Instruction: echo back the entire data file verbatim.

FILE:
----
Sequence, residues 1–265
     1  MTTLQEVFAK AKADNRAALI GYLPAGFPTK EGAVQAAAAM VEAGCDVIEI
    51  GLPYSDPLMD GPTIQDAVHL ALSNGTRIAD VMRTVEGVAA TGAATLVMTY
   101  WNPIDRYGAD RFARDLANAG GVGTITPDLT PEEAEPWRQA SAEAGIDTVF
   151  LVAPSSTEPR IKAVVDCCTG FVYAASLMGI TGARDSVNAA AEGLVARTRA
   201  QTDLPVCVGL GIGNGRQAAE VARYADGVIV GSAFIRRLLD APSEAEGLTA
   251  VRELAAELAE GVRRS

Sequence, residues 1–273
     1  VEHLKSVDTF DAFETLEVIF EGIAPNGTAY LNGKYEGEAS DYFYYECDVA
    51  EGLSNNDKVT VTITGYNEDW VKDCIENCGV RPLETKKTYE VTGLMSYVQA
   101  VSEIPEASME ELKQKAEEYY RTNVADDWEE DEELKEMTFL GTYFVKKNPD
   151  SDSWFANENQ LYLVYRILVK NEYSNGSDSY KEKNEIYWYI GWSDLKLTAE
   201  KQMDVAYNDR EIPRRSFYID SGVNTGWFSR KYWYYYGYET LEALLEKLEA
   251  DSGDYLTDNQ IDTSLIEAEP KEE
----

Sequence, residues 1–265
     1  MTTLQEVFAK AKADNRAALI GYLPAGFPTK EGAVQAAAAM VEAGCDVIEI
    51  GLPYSDPLMD GPTIQDAVHL ALSNGTRIAD VMRTVEGVAA TGAATLVMTY
   101  WNPIDRYGAD RFARDLANAG GVGTITPDLT PEEAEPWRQA SAEAGIDTVF
   151  LVAPSSTEPR IKAVVDCCTG FVYAASLMGI TGARDSVNAA AEGLVARTRA
   201  QTDLPVCVGL GIGNGRQAAE VARYADGVIV GSAFIRRLLD APSEAEGLTA
   251  VRELAAELAE GVRRS

Sequence, residues 1–273
     1  VEHLKSVDTF DAFETLEVIF EGIAPNGTAY LNGKYEGEAS DYFYYECDVA
    51  EGLSNNDKVT VTITGYNEDW VKDCIENCGV RPLETKKTYE VTGLMSYVQA
   101  VSEIPEASME ELKQKAEEYY RTNVADDWEE DEELKEMTFL GTYFVKKNPD
   151  SDSWFANENQ LYLVYRILVK NEYSNGSDSY KEKNEIYWYI GWSDLKLTAE
   201  KQMDVAYNDR EIPRRSFYID SGVNTGWFSR KYWYYYGYET LEALLEKLEA
   251  DSGDYLTDNQ IDTSLIEAEP KEE